Wilson, Andrew (1831-1881) (DNB00)


WILSON, ANDREW (1831–1881), traveller and author, born in 1831, was the eldest son of the learned missionary John Wilson (1804–1875) [q. v.] He was educated at the universities of Edinburgh and Tübingen, and afterwards lived some time in Italy. He then went to India, where he began his career as a journalist by taking charge of the ‘Bombay Times’ in the absence of George Buist [q. v.], and as an oriental traveller by a tour in Baluchistan. After his return to England he contributed to ‘Blackwood's Magazine’ some verses entitled ‘Wayside Songs,’ and in 1857 attracted some attention by a paper ‘Infante Perduto,’ published in ‘Edinburgh Essays.’ He maintained his connection with ‘Blackwood’ throughout his life. Returning in 1860 to the east, he edited for three years the ‘China Mail,’ accompanied the expedition to Tientsin, and visited Japan. In 1860 he issued at Hongkong a pamphlet entitled ‘England's Policy in China,’ in which he advocated that change of policy which was afterwards carried out by Sir Frederick William Adolphus Bruce [q. v.] at Pekin, by Mr. (now Sir Robert) Hart at Shanghai, and by General Gordon in the field. He travelled much in southern China, and sent descriptive contributions to the ‘Daily News’ and ‘Pall Mall Gazette’ on eastern questions, as well as to ‘Blackwood.’ At the beginning of the civil war he paid a visit to the United States, and afterwards passed some years in England, during which he wrote for papers and magazines. Returning to India about 1873, he edited for a time the ‘Times of India’ and the ‘Bombay Gazette.’ Ill-health delayed the publication till 1878 of his book ‘The Ever-Victorious Army: a History of the Chinese Campaigns under Lieutenant-colonel C. G. Gordon, C.B., R.E., and of the Suppression of the Tai-Ping Rebellion,’ which is still the best account of the suppression of the movement of 1863–4. Wilson's chief source of information was Gordon's ‘Private Journal,’ then unpublished. The clear and animated style in which the work is written gives it an additional value. In 1875 Wilson published an account of a very adventurous journey under the title ‘The Abode of Snow: Observations on a Journey from Chinese Tibet to the Indian Caucasus through the Upper Valleys of the Himalaya.’ The book is based on articles in ‘Blackwood's Magazine.’ A second edition was issued next year. ‘The Abode of Snow’ is not only a vivid record of very arduous travel, it contains also valuable ethnological observations, and displays intense feeling for natural beauty expressed in excellent prose. Before his final departure from India Wilson made an excursion into the wild state of Kathiawar. His last contribution to ‘Blackwood’, written in the spring of 1877, was a retrospect of African travel (‘Twenty Years of African Travel’). The last years of his life were passed in England in the Lake district. He died at Howton on Ullswater on 9 June 1881.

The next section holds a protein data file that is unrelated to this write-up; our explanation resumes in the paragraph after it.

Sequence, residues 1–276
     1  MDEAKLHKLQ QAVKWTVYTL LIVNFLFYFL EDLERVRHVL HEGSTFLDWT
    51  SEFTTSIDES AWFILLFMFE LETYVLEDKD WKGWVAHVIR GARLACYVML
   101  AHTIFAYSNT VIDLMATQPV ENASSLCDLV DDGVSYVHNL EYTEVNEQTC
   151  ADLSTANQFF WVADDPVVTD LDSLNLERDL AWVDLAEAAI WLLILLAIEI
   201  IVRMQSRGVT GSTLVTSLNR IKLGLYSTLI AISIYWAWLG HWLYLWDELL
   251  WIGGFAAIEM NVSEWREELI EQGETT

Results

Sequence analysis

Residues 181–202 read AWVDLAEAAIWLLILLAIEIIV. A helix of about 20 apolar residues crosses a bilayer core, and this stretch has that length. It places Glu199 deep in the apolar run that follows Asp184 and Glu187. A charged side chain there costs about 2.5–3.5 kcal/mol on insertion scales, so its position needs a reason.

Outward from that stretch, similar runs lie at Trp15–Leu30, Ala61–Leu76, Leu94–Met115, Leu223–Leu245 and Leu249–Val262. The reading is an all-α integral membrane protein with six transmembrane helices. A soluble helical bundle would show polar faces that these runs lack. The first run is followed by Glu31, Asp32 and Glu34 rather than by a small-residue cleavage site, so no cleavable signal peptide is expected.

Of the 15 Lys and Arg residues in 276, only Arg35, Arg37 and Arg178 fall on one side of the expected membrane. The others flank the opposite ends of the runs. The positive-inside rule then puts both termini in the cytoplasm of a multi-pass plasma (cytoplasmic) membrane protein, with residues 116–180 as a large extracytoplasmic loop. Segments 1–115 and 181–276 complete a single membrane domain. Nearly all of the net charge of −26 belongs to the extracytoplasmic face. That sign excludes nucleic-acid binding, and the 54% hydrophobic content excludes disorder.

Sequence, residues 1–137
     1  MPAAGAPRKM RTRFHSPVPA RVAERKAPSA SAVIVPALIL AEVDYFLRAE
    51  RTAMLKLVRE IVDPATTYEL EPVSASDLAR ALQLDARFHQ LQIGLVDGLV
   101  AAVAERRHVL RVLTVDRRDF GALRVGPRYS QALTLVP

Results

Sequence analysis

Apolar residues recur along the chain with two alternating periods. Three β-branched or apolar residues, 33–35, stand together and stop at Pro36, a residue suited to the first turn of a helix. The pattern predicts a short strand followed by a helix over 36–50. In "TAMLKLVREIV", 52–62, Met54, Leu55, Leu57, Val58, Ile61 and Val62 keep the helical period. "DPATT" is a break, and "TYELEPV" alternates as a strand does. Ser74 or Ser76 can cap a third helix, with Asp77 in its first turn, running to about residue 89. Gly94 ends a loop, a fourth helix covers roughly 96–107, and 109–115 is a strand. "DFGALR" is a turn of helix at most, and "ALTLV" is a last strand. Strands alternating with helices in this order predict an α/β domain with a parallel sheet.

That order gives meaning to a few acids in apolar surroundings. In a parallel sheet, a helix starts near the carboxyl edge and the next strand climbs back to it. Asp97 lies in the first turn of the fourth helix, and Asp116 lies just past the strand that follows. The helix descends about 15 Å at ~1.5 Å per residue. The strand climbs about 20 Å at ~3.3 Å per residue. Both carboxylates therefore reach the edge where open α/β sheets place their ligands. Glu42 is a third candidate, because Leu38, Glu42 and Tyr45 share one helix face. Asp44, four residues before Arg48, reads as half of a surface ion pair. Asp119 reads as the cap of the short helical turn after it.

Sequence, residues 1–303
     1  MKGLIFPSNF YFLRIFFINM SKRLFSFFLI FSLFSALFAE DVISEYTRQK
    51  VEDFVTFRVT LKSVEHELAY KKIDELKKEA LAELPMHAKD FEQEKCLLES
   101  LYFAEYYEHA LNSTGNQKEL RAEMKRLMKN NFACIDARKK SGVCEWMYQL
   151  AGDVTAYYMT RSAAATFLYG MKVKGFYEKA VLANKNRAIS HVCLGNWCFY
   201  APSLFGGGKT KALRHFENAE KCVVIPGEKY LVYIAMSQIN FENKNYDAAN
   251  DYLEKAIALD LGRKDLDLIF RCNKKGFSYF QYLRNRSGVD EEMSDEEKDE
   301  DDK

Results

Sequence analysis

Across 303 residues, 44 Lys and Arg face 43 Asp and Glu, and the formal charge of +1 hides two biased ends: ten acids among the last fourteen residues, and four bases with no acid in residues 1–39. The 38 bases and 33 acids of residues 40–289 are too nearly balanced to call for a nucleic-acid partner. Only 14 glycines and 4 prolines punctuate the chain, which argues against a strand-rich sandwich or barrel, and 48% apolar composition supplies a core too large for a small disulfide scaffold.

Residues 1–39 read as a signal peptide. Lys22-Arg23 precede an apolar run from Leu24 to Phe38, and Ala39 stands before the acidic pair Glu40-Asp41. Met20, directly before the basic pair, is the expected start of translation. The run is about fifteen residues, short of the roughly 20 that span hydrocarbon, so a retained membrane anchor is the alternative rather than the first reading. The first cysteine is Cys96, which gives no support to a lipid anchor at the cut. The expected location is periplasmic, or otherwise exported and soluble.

[Men of the Time, 10th edit.; Blackwood's Magazine, July 1881 (obituary notice); Athenæum, 18 June 1881; Wilson's Works; Allibone's Dict. of Engl. Lit. Suppl. vol. ii.; Ann. Reg. June 1881 (obituary); Men of the Reign.]

G. Le G. N.